Tuesday, September 20, 2005

Tropical paradise island

Many of you may have heard a rumor of a "tropical paradise island getaway" that Aubrey and I may or may not have undertaken this past weekend.
I am here to tell you that such rumors are categorically untrue. Said getaway actually occurred on a SUB-tropical paradise island. Sorry to disappoint.

All joking aside (not really, but for now, I mean), Aubrey was gone to Kagoshima City all week for a Japanese-learning conference. She reported abject boredom while there - apparently there was little to do there and she was like the only one who didn't drink (and I'm not talking tea, and I'm not really talking "social drinking" either). Sounds like a recipe for blowing through about 5 good (and long) books over the course of the week. Alas, 5 good (and long) boox were not in her possession, so she was a bit on the idle-time-on-my-hands side. But she made it thru OK and boarded the all-night ferry from Kagoshima to Amamioshima along with a fellow JET named Erica, who lives in Kagoshima. A friend hooked them up with a more-or-less private room w/ bunk beds and curtains that you can draw across the bed to shut out the light. Nice deal - and it usually costs quite a bit more. So they got some sleep before their 5 am arrival. I, meanwhile, boarded a similar ferry at 5 am in Kikai and arrived in Amami at like 7:40 am. Our 1st move was to our hotel in Naze (the ferry also docks in Naze), which we found w/ little difficulty thanks to Erica's Japanese skill. Before the weekend was out, we would owe a lot to Erica's Japanese skill. Quite thankful for it.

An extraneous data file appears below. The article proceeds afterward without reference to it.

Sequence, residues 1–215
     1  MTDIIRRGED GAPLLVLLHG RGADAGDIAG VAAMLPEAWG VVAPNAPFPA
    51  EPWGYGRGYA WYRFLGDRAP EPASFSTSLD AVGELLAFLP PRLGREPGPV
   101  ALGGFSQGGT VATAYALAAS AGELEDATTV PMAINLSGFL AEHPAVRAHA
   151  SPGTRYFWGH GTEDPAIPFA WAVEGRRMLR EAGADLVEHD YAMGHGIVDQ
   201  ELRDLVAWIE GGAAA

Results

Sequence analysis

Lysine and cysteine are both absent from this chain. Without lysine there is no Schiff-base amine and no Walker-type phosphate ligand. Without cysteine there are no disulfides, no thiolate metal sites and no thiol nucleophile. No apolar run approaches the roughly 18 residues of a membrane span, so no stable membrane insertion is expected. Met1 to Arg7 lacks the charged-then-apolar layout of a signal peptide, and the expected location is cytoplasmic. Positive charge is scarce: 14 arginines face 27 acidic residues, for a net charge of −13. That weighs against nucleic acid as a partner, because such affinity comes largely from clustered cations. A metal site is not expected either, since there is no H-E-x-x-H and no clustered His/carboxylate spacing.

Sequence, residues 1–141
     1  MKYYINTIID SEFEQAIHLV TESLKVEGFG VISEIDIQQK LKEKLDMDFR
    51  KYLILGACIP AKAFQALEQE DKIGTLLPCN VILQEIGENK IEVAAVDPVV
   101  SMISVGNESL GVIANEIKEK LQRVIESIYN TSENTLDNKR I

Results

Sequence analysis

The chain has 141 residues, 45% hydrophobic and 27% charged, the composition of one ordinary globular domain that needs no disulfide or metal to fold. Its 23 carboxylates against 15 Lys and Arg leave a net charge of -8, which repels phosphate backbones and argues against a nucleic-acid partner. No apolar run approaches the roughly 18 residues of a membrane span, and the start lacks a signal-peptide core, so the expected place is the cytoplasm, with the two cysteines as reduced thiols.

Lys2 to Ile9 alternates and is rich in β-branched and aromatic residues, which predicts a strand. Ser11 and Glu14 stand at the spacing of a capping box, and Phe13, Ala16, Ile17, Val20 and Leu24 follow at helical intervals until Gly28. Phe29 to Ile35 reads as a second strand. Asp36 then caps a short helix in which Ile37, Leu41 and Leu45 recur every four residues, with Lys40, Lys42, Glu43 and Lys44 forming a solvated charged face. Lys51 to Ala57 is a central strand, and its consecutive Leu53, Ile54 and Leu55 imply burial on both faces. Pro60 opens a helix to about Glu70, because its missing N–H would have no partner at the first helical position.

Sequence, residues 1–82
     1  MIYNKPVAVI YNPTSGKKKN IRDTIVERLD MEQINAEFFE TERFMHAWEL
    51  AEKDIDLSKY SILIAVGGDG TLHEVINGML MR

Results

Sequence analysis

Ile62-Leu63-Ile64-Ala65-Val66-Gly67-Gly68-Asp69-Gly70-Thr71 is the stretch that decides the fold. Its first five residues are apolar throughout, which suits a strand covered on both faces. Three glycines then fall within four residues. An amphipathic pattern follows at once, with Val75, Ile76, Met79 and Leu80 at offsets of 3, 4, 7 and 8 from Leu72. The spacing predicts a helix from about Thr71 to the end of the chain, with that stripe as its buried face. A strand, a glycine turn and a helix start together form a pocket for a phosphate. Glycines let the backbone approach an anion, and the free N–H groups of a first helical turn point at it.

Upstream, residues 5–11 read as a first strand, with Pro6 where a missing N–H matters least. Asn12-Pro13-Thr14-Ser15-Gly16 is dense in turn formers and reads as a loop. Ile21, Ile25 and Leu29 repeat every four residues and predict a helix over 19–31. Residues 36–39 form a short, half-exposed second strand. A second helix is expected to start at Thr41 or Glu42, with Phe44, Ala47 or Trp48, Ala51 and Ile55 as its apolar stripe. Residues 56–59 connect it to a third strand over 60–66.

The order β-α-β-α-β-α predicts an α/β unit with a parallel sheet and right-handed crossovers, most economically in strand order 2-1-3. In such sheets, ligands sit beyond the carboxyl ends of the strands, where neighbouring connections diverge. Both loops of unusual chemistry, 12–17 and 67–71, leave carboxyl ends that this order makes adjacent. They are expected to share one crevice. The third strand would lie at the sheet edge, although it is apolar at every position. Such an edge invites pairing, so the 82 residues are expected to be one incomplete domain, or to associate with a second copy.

Anyway, once we dropped off most of our stuff at the hotel front desk (check-in wasn't until 2 pm) and got some breakfast, we took an hour-long (and quite scenic) bus ride to a beach on the extreme south of the island (Naze being at the north edge). The bus dropped us off at a hotel and they rented us each a pair of swimming fins, a snorkel, and a mask.
The beach was very pretty and the water was perfect. Blue, clear, not too cold, not too hot. Like Baby Bear's porridge, it was. Mmmm, porridge.
Anyway, we got all lathered up w/ sunscreen and walked slowly across the rocky rocks (which really hurt our feet) to a depth appropriate for snorkeling. If we put our fins on, it hurt less but was harder to walk.
It seems that a lot of the beaches on Kikai and Amami have a lagoon-type setup to them b/c of the coral growth. You'll see shallow water (with lots of coral patches, if it's not all coral) for about 50-60 meters, and then waves breaking on a secondary and barely visible "beach" of coral at the edge, at which open ocean begins. This beach was no different. So we had to try to be careful where we stepped, but besides the pain of walking on rocks, had no mishaps. And once the snorkeling began, it was awesome!
We saw lots of really interesting fish. We saw a couple of clown fish scratching their bellies on and hiding in a sea anemone. I saw one that was chubby, w/ white spots on a black background on his back, and then orange spots on a purple bkgrd on his sides; each time another fish would pass by him he would spin around them once and then continue on his way. Except then once a fish of the same species approached him and they spun around really fast like 12 times before continuing on their way.